Section one of the Fourteenth Amendment of the US Constitution, in summary, states, All persons born or naturalized in the United Statesare citizens of the United Statesno state shall make or enforce any law which shall abridge the privileges or immunities of citizens of the United Statesnor deny to any personthe equal protection of the law (SCOTUS). This amendment commonly referred to as the equal protection of the law amendment is famously noted in groundbreaking cases such as Brown v. Board of Education and Roe v. Wade. Craig and Mullins pleaded the Fourteenth Amendment when Phillips refused to sell them a personalized wedding cake. As soon as we sat down with the owner, he asked who the cake was for, we told him that it was us, and he informed us that he would not bake a cake for a same-sex weddingwe were mortified and humiliated stated David Mullins in a post-trial interview (Barnes). Phillips told the couple that he would happily sell them anything else in his shop, but since their request goes against his religious views, he respectfully declined.
After the case was decided, Phillips’ appealed to the Colorado Court of Appeals. Phillips then petitioned to the Supreme Court for certiorari with the following question: Whether applying Colorado’s public accommodations law to compel Phillips to create an expression that violates his sincerely held religious beliefs about marriage violates the Free Speech or Free Exercise Clauses of the First Amendment (SCOTUS). The Supreme Court found the CCRC guilty because of their bias of the gay couple.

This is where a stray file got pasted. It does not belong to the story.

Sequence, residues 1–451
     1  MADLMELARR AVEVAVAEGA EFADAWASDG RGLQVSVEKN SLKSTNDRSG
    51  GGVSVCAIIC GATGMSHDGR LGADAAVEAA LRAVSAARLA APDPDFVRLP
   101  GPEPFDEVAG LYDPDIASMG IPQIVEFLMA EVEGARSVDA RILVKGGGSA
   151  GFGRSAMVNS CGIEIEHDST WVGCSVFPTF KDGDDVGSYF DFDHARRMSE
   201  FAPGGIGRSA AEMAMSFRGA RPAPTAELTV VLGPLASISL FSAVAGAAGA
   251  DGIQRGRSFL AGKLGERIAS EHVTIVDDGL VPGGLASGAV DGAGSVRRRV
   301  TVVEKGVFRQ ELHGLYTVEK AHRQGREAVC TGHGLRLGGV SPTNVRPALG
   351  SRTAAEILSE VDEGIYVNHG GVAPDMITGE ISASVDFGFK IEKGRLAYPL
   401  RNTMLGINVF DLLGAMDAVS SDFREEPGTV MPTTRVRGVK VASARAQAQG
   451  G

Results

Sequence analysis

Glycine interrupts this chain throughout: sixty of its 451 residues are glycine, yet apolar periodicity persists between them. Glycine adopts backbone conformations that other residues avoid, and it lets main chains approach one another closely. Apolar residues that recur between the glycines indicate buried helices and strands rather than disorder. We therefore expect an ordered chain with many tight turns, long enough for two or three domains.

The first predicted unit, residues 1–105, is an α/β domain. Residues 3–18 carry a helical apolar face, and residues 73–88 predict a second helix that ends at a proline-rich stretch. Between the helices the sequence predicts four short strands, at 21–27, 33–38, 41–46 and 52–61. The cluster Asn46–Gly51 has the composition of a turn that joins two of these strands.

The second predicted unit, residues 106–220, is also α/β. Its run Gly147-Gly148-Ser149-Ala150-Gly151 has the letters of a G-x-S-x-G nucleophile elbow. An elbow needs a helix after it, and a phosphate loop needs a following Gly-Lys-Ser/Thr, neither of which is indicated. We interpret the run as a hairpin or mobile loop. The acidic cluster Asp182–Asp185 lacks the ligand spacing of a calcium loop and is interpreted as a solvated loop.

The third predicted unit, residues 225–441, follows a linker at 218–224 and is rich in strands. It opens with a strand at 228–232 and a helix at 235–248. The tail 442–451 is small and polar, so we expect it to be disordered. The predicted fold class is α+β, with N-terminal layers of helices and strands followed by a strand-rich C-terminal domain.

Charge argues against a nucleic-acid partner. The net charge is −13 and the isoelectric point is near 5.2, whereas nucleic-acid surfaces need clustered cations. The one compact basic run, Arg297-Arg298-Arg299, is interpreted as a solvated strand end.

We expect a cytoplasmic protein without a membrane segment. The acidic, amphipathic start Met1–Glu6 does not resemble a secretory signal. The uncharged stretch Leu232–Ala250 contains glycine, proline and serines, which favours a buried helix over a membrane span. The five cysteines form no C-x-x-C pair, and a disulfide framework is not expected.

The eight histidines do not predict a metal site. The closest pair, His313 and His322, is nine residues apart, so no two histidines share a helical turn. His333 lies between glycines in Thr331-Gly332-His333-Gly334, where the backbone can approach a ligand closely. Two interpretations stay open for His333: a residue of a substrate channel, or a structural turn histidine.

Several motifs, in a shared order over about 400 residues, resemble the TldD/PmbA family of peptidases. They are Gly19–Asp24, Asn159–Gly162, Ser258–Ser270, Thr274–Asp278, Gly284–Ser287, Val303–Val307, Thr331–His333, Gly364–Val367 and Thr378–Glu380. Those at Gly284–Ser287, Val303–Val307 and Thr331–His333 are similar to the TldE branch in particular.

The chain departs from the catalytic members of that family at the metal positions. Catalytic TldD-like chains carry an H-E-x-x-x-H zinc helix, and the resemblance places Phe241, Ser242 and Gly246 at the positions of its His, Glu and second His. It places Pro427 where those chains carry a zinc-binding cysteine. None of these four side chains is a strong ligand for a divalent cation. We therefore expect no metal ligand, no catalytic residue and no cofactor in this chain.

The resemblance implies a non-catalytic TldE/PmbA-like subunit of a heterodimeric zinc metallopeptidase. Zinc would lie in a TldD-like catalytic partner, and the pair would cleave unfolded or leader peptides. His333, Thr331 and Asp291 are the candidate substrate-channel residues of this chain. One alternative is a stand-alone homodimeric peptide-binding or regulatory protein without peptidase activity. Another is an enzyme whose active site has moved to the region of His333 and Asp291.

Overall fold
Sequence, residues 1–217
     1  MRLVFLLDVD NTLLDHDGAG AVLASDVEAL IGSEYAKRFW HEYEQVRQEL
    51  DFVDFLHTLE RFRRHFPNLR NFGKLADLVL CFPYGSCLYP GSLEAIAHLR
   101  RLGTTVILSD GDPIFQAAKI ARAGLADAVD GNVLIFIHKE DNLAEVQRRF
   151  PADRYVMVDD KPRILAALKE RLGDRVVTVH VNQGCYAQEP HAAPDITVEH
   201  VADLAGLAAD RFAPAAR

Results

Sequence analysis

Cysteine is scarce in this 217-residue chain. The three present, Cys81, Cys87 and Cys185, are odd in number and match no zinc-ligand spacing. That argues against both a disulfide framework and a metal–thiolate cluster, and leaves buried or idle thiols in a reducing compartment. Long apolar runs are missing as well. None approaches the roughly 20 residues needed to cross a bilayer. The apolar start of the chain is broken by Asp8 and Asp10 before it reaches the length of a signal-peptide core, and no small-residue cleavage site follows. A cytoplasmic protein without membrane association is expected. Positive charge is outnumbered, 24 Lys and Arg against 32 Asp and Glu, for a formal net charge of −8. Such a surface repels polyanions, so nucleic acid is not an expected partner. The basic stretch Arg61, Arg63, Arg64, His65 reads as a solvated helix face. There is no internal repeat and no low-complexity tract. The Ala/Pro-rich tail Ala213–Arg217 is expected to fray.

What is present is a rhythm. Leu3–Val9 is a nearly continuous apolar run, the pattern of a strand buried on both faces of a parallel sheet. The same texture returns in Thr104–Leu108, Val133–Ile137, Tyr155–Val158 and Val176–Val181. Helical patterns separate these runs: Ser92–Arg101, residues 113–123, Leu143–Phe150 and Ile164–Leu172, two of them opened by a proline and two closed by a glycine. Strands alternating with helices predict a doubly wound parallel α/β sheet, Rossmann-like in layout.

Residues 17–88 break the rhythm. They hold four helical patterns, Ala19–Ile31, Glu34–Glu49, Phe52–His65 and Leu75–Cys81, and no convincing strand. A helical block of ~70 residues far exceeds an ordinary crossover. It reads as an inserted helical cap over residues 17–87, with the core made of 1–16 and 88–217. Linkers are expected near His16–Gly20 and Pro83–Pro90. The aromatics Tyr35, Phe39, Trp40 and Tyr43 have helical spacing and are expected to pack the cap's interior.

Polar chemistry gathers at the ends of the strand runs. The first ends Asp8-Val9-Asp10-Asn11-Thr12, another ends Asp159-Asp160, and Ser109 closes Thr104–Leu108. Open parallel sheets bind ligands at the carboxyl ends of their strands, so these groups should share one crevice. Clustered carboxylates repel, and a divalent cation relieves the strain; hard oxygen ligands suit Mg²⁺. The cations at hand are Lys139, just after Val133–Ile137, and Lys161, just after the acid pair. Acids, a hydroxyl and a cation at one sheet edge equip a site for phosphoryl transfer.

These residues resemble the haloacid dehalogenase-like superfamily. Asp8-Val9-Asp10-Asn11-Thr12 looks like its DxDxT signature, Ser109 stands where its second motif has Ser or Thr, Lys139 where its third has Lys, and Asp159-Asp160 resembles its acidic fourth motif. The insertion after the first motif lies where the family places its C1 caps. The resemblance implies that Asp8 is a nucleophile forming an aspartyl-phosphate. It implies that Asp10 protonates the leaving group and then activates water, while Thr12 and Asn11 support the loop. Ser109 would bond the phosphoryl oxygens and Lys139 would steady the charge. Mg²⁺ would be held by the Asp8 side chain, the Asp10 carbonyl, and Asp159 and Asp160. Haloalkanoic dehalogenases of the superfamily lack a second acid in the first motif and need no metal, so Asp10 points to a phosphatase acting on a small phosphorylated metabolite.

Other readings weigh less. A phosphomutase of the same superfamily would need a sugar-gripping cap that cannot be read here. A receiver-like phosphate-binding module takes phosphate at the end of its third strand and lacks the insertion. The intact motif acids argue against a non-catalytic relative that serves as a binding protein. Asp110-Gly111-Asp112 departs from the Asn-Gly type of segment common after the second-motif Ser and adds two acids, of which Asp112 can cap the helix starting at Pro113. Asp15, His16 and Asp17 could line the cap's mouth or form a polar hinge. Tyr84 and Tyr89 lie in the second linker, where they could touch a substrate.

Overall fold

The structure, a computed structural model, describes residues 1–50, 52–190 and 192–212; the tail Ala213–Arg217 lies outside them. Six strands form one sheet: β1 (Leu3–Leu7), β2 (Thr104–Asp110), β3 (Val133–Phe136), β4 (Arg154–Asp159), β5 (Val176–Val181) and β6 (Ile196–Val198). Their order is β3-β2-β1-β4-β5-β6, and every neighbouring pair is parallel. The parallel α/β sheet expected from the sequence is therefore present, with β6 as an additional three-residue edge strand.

Rhetoric

The Supreme Court used an exceptional amount of hypothetical questions in their questioning of the lawyers. The questions varied from a baker calling their cake a piece of expressional artwork to an architect expressing themselves in their buildings. The Supreme Court continued to ask both attorneys, Frederick Yager with Craig and Mullins, and Kristen Waggoner with Masterpiece Cakeshop until they reached a decision.

Michael Farris, President, CEO, and General Counsel of the Alliance Defending Freedom stated in his post-trial interview that this is the first time in American history where there is a serious consideration of compelling people to deliver a message that’s contrary to their beliefs (SCOTUS). Farris also gave a lot of bold statements about the First Amendment including that freedom of speech includes the context where other people may be offended (SCOTUS). Conclusion